Abigail, a 29-year-old from New York City who asked to use a pseudonym to preserve her privacy, knew to expect some side effects after she got her second Pfizer-BioNTech COVID-19 vaccine in February. The fever, body aches and fatigue she felt were nothing surprising. But when she began experiencing heavy, “stupidly painful, debilitating” menstrual periods, she felt blindsided. “I had not heard a single person talking about it,” she says.
While scientists have not confirmed that COVID-19 vaccines can cause menstrual changes like Abigail’s, she feels confident the shot was her trigger, since she experienced something similar after a probable case of COVID-19 last spring. As of mid-April, more than 19,000 people had reported similar experiences in a University of Illinois survey. Even without scientific confirmation, their stories are drawing attention to the fact that vaccination side effects can be far more varied than what’s often discussed in the mainstream.
Side effects—while temporarily uncomfortable—are a standard part of vaccination, says Dr. Stanley Perlman, a professor at the University of Iowa’s Carver College of Medicine and a member of the U.S. Food and Drug Administration’s vaccine advisory committee. They show that the body is responding to the shot and mounting an immune response. (Perlman says he considers side effects different from serious adverse events, like the rare blood clots reported in connection with Janssen/Johnson & Johnson’s shot. Most side effects are unpleasant but normal, whereas serious adverse events are potentially fatal issues that demand medical care.)
The U.S. Centers for Disease Control and Prevention (CDC) lists common COVID-19 vaccine side effects as pain, swelling or redness at the injection site; fatigue; headaches; muscle pain; chills; fever; and nausea. But that list isn’t exhaustive. In fact sheets describing each vaccine, manufacturers listed additional possible side effects—including diarrhea, joint pain, swollen lymph nodes, hives, rashes and facial swelling—and noted that there could be even more side effects beyond those specified.
Menstrual changes may fall into that category, if conclusive evidence links them to the vaccines. (In statements to TIME, a spokesperson for Pfizer said clinical trial participants did not report any menstrual changes. A spokesperson for Janssen said menstrual changes were not tracked as part of its study. A Moderna rep did not return requests for comment by press time.) There have also been reports of people developing rashes and other skin conditions, like so-called “COVID arm,” after vaccination. Others have experienced brain fog that feels akin to a marijuana high. In rare cases, people have also developed shingles after COVID-19 vaccination, as small numbers of people do after taking other types of drugs, but those findings are preliminary.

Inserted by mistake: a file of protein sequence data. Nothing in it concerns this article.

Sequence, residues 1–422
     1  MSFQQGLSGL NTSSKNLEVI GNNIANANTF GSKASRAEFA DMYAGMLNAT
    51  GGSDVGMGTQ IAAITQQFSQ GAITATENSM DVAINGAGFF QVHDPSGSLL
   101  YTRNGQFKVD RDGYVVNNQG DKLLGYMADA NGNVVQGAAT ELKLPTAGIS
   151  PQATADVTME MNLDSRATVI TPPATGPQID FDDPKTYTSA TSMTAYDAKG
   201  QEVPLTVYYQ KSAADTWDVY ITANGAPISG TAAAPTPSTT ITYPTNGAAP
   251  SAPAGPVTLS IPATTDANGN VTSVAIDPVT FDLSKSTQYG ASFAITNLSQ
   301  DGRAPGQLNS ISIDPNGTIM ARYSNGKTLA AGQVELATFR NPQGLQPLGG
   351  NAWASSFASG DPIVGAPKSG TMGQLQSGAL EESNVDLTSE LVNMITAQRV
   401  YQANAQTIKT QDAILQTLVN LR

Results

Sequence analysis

There are bound to be more side effects observed and reported by the general population than are uncovered during a clinical trial, Perlman says. Each COVID-19 vaccine trial had to have at least 30,000 participants. That’s a lot, but it’s a small fraction of the people who have been vaccinated in the U.S., now that 215 million doses have been administered. Even side effects that were uncommon during clinical trials may affect a relatively large number of people once vaccines are widely distributed, Perlman says.
“If you have a trial where you’ve looked at 30,000 people and something happens to 0.1% of them, that’s 30 people,” Perlman says. “But then when you change that 30,000 to 30 million, now there’s many more people having the same side effect.”
Not everything that happens post-vaccination is caused by the vaccine, of course. When millions of people get vaccinated every single day, some are bound to experience health problems following but unrelated to the vaccine, Perlman says.
Even still, it’s important for people to monitor their health in the days following vaccination and alert their doctors to anything out of the ordinary, so health authorities know which side effects to emphasize or look into further, says Paul Duprex, director of the University of Pittsburgh’s Center for Vaccine Research. Members of the public can report their side effects using the CDC’s Vaccine Adverse Event Reporting System or V-safe tracker.
“Those voices matter,” Duprex says. “Patterns can only be recognized [if people who get vaccinated] voice what happened and people who hear those voices collect and collate” the data.
There’s a tendency among researchers to discount observations if their cause can’t be proven, Duprex admits. “There’s a fundamental difference between correlations and a cause,” he says. But “none of those things should be dismissed.” Only when researchers have all the data can they adequately assess what’s really happening and communicate that to the public.
“There are things that we can only learn,” Duprex says, “if those vaccinated voices are heard.”
That’s what people like Abigail are trying to make sure of, by speaking out about potential side effects like menstrual changes. Abigail says she remains glad she got vaccinated, and recommends that everyone do the same. She just wants others to go into the experience feeling more informed than she did.
Correction, April 22
The original version of this story misstated how many people in the U.S. have been vaccinated against COVID-19. More than 215 million doses have been administered, but fewer than 215 million people have received at least one dose.
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Write to Jamie Ducharme at firstname.lastname@example.org